Reprinted with the permission of the Atlanta Journal and the Atlanta Constitution.

Senate gives Peterson bill its final OK
Ron Martz - Staff
Thursday • March 16

A law giving doctors the power to take temporary custody of a child they believe is in imminent danger is headed to Gov. Roy Barnes' desk after a 49-0 Senate vote Wednesday.

The so-called Terrell Peterson bill, sponsored by Sen. Nadine Thomas (D-Ellenwood) and named after a 5-year-old Atlanta boy who died in January 1998 after he and his siblings were the subject of eight reports of abuse and neglect, had to go back to the Senate for approval of minor changes.

It was among four pieces of legislation winning Senate approval for creating a broader safety net for at-risk children who come to the state's attention. One would establish the Child Advocate Office to oversee the troubled child protective services system and another would allow doctors to take temporary custody of youngsters they think are in imminent danger from abuse or neglect.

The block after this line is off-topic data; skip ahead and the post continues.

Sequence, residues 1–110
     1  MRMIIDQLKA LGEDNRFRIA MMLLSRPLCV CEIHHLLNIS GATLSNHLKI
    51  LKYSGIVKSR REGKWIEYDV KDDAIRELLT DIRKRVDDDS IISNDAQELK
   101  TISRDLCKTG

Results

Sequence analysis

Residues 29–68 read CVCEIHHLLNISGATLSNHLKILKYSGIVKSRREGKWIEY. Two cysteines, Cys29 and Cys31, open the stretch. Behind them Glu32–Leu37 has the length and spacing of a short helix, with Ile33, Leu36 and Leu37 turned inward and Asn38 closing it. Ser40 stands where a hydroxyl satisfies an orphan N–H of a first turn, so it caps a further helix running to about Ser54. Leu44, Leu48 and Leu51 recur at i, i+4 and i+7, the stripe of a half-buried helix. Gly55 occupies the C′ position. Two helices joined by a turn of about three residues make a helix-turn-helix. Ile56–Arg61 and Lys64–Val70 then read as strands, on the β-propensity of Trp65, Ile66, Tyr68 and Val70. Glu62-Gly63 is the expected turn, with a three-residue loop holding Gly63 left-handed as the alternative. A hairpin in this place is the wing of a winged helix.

A third measure would give the commissioner of the state Department of Human Resources broader powers to hire and fire county directors of the Division of Family and Children Services. The Senate also approved legislation that provides state money for additional Juvenile Court judges, who rule on cases involving abused and neglected children.

Partly in response to Terrell's death and a series of stories in The Atlanta Journal-Constitution about shortcomings in the child protective services system, Gov. Roy Barnes offered the bill that would create the Child Advocate Office and make records of certain children who die after they come to the state's attention subject to the Open Records Act. But that bill barely survived a strong challenge from Senate Republicans, whose amendment likely would have resulted in a veto by the governor.

Offered by Sens. Clay Land (R-Columbus) and Eric Johnson (R-Savannah), the amendment would have taken the appointment of the advocate away from the governor and given it to the Legislature to make the office what Land called "truly independent."

The amendment was defeated 32-19 and the child advocate bill was passed 46-8. It now goes back to the House for its approval of another amendment that clears up some language and clarifies what records are subject to public disclosure. The bills involving the DHR commissioner and Juvenile Court judges also go back to the House for final approval.

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